Most pointless buying a lathe because its a bargain and then realising that you cant add a chuck/ mandrel/ faceplate etc which greatly reduces you're ability to turn various items.

edit: Dalboy beat me to it :)
 

CHJ

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Personally if buying second hand I would avoid 'modern' all singing and dancing fully electronic motor/controls included in headstock versions, and those using DC 'Treadmill' style motors which were made to a budget for marketing reasons unless they are from a known individual who you can trust and at the right price.
The above often have a short marketing life as models change or retailer franchise changes and limited aftermarket support.

Any faults that develop could well be terminal due to lack of replacement parts or support, even if this is still available then 'whole unit' replacements can be very expensive.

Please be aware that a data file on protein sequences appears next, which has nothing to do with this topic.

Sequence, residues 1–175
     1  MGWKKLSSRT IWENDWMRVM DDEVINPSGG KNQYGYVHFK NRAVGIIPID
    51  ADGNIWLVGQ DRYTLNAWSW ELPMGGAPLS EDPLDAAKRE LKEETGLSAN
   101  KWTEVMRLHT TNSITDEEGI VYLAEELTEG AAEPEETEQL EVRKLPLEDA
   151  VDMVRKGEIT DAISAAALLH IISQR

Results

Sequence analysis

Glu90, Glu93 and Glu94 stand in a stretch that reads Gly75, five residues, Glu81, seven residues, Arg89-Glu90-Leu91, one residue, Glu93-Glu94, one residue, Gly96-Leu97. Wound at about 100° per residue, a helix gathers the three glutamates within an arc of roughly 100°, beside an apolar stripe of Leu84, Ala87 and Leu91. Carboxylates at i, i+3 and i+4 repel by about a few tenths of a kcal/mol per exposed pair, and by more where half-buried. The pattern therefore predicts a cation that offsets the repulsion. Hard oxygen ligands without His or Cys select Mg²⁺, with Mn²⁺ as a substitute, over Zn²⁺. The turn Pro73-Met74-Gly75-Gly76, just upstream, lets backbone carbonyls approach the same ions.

Joining a local club where individuals reputations are respected should be a good guide to being safe regarding second hand machines that may be available.

Older machines such as the Records Nev mentioned or those of basic construction with separate 240 volt mains motors (1 or 3 Ph) and conventional control switches can usually be fixed with generic components.
 

Abw

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I picked up a draper WTL90 and had a bit of an issue on start up. I tried to get it serviced but was told the particular model was defunct and I couldn’t buy parts. Fortunately the Axminster pulley wheels are interchangeable but being a new by I’m concerned I may have bought a pup. But maybe be good for parts for others when it eventually dies!
 

gog64